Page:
• Thu. Jul 7th, 2022

Six Takeaways From What Elon Musk Said at Qatar Economic Forum

Byaayme

Jun 21, 2022

June 21, 2022, 1:14 PM GMT+5:30Updated onJune 21, 2022, 3:52 PM GMT+5:30

Elon Musk covered everything from the state of his deal to buy Twitter Inc. to the direction of the American economy and planned job cuts at Tesla Inc. in an appearance at the Qatar Economic Forum Tuesday.

The chief executive officer of Tesla and Space Exploration Technologies Corp. even waded into US politics, saying that he was yet to decide who to back in the next presidential election when asked directly if he’d consider supporting Donald Trump.

Wearing a white shirt and gray suit jacket, the world’s richest man was articulate and to the point in the video link-up, fielding a raft of questions over the 20-minute discussion.

Here are the top things Musk spoke about in an interview with Bloomberg News Editor-in-Chief John Micklethwait:

‘Unresolved matters’ remain on Twitter deal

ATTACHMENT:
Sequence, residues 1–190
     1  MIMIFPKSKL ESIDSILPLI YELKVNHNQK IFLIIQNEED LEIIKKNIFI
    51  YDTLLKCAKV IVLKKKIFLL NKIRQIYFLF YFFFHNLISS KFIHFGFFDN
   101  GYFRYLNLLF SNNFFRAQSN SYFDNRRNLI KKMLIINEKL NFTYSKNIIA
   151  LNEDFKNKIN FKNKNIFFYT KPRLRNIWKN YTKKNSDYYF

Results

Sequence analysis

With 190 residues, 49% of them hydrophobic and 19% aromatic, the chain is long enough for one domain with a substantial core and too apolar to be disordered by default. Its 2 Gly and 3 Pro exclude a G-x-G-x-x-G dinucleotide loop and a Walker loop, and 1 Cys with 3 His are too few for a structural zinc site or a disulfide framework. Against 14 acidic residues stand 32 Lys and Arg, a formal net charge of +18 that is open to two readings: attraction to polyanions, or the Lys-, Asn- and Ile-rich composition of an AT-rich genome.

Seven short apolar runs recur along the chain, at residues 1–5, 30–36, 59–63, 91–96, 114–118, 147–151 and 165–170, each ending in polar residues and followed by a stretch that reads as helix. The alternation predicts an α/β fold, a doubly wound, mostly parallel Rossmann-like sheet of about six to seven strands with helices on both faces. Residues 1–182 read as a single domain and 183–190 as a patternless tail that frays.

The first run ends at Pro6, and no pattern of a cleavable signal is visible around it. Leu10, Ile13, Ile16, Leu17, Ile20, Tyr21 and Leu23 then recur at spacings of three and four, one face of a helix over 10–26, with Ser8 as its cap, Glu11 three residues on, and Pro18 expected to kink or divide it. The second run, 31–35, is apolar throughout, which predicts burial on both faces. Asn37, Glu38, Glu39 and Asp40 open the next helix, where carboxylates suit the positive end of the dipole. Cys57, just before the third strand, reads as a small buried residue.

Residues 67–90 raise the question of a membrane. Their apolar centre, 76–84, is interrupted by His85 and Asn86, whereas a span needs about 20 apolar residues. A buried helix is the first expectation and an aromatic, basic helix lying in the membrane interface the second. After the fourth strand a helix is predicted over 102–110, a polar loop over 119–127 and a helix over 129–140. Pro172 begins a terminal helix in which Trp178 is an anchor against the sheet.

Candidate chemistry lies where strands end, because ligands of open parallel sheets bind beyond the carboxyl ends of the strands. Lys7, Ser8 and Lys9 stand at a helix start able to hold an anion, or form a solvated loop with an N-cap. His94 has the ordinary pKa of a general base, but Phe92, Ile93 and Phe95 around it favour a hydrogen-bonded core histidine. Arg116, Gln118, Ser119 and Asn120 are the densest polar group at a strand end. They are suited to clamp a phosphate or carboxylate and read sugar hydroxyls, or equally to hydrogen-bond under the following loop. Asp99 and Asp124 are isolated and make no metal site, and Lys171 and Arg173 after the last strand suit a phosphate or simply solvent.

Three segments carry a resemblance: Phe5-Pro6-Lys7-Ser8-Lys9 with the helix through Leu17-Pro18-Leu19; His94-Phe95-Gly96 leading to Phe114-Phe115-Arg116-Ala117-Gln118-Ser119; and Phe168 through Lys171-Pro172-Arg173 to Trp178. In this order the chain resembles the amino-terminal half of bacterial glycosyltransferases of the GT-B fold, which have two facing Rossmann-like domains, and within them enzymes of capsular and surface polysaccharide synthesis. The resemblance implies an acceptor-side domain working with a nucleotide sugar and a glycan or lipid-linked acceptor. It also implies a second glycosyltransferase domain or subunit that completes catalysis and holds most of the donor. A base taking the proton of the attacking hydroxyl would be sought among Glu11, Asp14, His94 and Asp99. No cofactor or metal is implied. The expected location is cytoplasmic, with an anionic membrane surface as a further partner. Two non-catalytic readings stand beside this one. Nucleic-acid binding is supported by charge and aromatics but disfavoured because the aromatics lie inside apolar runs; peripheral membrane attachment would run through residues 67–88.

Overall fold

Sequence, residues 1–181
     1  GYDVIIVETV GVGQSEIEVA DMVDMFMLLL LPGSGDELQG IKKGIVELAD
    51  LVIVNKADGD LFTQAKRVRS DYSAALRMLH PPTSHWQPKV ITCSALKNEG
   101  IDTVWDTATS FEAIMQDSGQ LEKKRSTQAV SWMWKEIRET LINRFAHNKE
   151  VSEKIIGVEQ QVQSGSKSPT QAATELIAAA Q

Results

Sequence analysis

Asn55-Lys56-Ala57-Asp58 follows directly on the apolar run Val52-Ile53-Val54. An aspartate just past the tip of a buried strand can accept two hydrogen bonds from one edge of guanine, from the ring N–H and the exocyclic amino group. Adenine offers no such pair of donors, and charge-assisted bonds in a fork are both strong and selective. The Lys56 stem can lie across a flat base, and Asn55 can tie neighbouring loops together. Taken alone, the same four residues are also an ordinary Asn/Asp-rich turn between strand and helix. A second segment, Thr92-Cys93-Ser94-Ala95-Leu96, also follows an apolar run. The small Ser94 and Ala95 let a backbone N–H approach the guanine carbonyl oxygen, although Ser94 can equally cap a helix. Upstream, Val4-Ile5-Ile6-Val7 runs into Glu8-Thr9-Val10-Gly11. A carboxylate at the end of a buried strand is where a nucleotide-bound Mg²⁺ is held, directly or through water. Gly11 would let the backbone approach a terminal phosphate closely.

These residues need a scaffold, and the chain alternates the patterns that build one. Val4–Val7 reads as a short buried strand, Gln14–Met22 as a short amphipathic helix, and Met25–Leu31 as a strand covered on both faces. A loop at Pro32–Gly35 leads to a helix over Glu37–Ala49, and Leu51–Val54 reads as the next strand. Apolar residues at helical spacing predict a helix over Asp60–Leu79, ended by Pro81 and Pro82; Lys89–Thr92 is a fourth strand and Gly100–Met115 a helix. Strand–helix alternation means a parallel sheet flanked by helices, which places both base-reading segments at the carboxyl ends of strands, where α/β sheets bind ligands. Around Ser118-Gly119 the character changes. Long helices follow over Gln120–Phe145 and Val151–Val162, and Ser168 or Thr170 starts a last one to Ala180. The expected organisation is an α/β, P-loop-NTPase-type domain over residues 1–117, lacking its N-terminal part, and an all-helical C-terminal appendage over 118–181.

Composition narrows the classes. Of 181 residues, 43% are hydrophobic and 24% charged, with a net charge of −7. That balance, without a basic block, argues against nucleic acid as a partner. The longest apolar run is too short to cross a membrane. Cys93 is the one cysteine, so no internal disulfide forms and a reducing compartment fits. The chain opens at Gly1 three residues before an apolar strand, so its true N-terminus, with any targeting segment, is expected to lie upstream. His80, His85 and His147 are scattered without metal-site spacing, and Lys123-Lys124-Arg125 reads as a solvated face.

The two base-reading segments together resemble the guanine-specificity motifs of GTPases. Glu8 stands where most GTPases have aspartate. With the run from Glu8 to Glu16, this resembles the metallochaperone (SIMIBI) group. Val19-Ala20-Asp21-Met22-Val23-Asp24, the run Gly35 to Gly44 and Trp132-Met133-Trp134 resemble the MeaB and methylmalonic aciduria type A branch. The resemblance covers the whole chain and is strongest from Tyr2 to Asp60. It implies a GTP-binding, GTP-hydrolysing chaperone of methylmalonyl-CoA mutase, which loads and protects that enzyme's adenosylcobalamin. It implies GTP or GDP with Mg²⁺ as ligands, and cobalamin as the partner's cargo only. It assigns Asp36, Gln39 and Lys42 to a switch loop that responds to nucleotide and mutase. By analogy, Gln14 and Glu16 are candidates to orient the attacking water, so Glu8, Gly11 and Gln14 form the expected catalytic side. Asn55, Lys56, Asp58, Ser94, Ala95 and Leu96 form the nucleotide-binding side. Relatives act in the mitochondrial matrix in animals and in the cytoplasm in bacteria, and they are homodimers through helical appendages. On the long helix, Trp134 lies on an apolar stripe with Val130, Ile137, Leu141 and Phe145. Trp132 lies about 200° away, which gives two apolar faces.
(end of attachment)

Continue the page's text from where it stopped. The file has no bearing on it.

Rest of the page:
“There is the question of, will the debt portion of the round come together and then will the shareholders vote in favor,” Musk said.

The billionaire said last month that he was putting the takeover “on hold” while he investigated how many of Twitter’s users were real people, and later filed a formal letter with the Securities and Exchange Commission in which he told Twitter executives he might walk away from the deal if the company didn’t do more to prove the actual size of its user base.

Musk told the forum on Tuesday he would focus on “driving the product” at Twitter, though he doesn’t necessarily plan to be the CEO.

Watch the full Musk interview here.

US recession “inevitable” at some point
The electric-car pioneer told Tesla executives earlier this month that he had a “super bad feeling” about the economy, according to an internal email seen by Reuters. Seeking to quell a surge in living costs, the Federal Reserve accelerated its monetary-tightening campaign last week with its biggest interest-rate increase since 1994.

A recession in the US is inevitable at some point, he said Tuesday. “As to whether there is a recession in the near-term, that is more likely than not.”

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